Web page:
Roundup: COVID count levels off, Stanfield’s cuts 150 workers, C.B. investigates housing needs, Bridgewater fundraising for new MRI

Nova Scotia has 35 known active cases of COVID-19, with one new case (in the Central Zone) reported in the latest government update. Two people are currently hospitalized in ICU with the disease.

Nova Scotia Health Authority labs completed 3,931 tests on Feb. 28 and 214,939 since the second wave of the pandemic began in October.

Premier Iain Rankin. Photo: CNS

“A record number of Nova Scotians took advantage of COVID-19 testing over the weekend,” Premier Iain Rankin says in a press release. “It’s a great response but it doesn’t mean we can let down our guard … Continue to follow all the public health measures, including keeping your social circles small and consistent.”

As of Feb. 28, Nova Scotia health-care workers have dispensed 32,856 doses of COVID-19 vaccine; 12,845 Nova Scotians have gotten the second dose that completes their immunization.

Job cuts at Stanfield’s
Clothing manufacturer Stanfield’s is laying off 150 workers after failing to land a federal contract to produce protective equipment for health-care workers.

Early in the pandemic, business watchers hailed the Truro company as a success story for its shift to PPE, which saw it hiring people as other businesses made cuts.

“By ignoring Atlantic Canada, I feel the federal government is letting them down,” says local MLA Dave Ritcey. “[It] paints a troubling picture about the focus on growing our rural economies.”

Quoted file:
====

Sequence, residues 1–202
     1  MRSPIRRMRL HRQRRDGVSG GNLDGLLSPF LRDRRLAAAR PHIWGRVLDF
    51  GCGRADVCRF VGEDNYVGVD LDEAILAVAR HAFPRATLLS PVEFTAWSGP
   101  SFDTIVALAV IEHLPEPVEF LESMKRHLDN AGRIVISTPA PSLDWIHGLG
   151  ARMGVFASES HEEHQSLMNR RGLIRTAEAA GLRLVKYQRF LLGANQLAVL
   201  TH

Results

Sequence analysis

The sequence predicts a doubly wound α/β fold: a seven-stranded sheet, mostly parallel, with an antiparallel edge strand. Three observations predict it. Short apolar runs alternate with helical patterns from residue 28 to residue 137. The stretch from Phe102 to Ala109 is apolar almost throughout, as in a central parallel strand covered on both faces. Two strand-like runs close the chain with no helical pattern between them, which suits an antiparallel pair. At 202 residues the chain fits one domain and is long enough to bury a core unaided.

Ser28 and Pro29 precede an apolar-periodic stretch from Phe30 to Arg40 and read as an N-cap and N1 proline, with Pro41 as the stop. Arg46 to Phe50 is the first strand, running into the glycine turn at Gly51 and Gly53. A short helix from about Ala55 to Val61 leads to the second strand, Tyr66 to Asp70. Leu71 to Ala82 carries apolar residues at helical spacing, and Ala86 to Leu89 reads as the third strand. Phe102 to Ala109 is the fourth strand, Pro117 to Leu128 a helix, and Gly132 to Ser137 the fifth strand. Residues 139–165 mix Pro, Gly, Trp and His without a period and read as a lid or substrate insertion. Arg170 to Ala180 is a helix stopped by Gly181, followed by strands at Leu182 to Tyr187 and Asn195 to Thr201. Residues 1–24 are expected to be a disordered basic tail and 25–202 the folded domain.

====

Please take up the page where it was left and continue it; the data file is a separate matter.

According to MP Lenore Zann, the federal government awarded the contested contract via a standard tender process, which is designed to prevent political interference.

Raissa Tetanish reports for Hub Now.

Carla Arsenault

Cape Breton investigates housing needs
Some 600 people have responded to a survey exploring housing needs in the Port Hawkesbury area.

“Housing needs and the economy go hand in hand,” says Carla Arsenault, president and CEO of the Cape Breton Partnership. “In order for Cape Breton companies to grow, we need to have adequate housing for workers … Current and future residents see this as an opportunity to not only address housing needs but to also grow their economy and welcome newcomers.”

Read more in The Reporter.

South Shore fundraising for medical equipment
A new Magnetic Resonance Imaging scanner is in the works for the Bridgewater hospital. The provincial government is arranging the purchase, but locals are funding it.

“Government will cover the construction, procurement, and installation of the new MRI scanner,” says a government press release. “The Health Services Foundation of the South Shore has launched a campaign to raise funds to buy the new piece of equipment.”

Gayle Wilson has details for LighthouseNow.

So you’re going to jail
You probably don’t expect to ever go to jail. But then, jails are full of people who never expected to be there.

One such person is Jefferey Brooks, who first went to jail at age 19 on charges of robbery and assault. He’s been in and out of the clink on a variety of charges ever since, but still chuckles at his naiveté when he served his first sentence.

“I had definitely seen too many movies,” he says. “I was afraid because I didn’t know what was going to happen, but at the same time, it was like, ‘if someone tries something with me, Imma fuck ’em up.'”

In this fascinating story from the Halifax Magazine archives, Chris Muise talks with prisoners and correctional workers about what it’s like to go to jail.

Spoiler: it’s considerably more banal and bureaucratic than Hollywood suggests.

Need to know
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This story was originally published in Halifax Magazine.

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